But the most interesting effect is the degrees of influence. CLICK Research suggests, ripple effects of things such as happiness, health, and even political progress can reach those within three degrees of us. So if social class is in a position of advantage, bringing others within three degrees of them, could potentially lead to a greater distribution of this positive state of being.
This all sounds well and good CLICK but connecting 7 billion people sounds hard. Well, it’s easier than it sounds. CLICK
See, we grossly underestimate our ability to leverage things such as the exponential because we are not psychologically, evolutionarily designed to understand it.
CLICK You can see this in the failure of things such as Multi Level Marketing or Pyramid Schemes.
Now, let’s role play this.CLICK Imagine I’m here today to sell you a tree that grows money. But there’s one catch. For it to keep growing money, you need to get five of your friends to buy a tree. CLICK And for theirs to keep growing money, they’ve got to get five of theirs to do the same, and so on. CLICK With over 7 billion people and a product this good, you’d think this could go on forever.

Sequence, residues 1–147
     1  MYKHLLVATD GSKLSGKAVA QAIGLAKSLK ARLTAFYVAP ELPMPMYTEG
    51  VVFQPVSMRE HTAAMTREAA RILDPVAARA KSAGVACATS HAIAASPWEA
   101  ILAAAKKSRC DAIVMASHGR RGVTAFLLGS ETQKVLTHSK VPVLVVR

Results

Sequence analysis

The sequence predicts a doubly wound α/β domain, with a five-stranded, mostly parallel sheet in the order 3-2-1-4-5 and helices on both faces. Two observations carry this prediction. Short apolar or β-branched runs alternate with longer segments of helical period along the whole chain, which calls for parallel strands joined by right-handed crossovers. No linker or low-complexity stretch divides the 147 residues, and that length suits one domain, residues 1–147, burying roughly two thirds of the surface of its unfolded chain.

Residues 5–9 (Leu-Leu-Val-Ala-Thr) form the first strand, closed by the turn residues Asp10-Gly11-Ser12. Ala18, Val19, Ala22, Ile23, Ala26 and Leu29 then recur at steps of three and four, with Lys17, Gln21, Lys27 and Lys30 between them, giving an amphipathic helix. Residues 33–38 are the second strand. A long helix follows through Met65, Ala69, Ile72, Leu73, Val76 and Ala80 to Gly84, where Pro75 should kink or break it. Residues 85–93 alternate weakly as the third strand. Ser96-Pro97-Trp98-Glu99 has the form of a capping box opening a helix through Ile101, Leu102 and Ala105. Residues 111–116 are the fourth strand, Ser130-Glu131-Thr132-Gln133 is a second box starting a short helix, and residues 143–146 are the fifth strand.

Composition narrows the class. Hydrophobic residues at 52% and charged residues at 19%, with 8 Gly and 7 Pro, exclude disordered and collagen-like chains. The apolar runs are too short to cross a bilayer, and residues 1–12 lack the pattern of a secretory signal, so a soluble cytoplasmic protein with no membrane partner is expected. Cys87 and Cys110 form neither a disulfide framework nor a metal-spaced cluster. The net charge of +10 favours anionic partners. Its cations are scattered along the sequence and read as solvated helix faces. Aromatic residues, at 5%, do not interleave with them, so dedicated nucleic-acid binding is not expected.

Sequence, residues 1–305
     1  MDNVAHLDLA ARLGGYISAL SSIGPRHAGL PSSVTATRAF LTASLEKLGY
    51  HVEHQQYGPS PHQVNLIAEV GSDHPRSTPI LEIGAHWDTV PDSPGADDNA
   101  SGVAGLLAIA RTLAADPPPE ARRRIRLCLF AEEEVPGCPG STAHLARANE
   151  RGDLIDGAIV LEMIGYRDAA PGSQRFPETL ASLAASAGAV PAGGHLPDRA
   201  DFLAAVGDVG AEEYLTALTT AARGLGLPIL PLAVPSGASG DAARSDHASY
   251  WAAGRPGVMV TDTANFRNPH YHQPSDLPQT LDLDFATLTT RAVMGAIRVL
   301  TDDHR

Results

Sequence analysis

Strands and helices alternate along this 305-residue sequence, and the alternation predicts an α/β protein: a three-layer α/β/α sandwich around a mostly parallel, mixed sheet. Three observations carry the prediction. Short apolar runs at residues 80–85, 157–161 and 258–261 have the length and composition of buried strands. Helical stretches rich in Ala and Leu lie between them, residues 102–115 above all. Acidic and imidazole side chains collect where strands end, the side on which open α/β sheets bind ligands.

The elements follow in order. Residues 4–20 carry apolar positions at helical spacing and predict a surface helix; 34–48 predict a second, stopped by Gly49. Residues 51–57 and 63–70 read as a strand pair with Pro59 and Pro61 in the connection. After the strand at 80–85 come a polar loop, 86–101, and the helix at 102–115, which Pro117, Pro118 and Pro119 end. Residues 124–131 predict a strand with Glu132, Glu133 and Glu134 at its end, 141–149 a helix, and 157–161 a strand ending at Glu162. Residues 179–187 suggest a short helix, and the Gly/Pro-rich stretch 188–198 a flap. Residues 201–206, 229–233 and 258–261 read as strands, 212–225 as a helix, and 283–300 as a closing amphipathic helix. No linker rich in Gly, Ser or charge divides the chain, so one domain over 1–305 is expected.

So, you call five of your friends together and convince them to jump on board. Say on average this process takes four minutes, and they do the same with their friends, and their friends continue the pattern.
An hour passes by. How many people do you think would have signed up?
Raise your hand if you think it’s under 50. Raise your hand if you think it’s over 50. Raise your hands if you think it’s over 5000. Let’s go big or go home. Raise your hands if you think it’s over 500,000.
Would you like to know what the number is? You would have signed up, in just an hour, over 6 billion people. CLICK Just by getting the right five people onboard.
But we have far more than just five contacts. CLICK In fact, the average person has nearly 700 connections.
In a traditional tribal sense though, homo sapiens were only designed to maintain about 150 “stable” social relationships. CLICK But, there is a but, with things such as digital networks, we’ve vastly increased this capacity, by essentially externalizing the storage of these relationships.
As a result, tribes too have become far more than a single small group of people – they’ve become intersecting layers of our existence. CLICK We as individuals today are parts of extended tribes based on demographic,, profession, nationality and much more.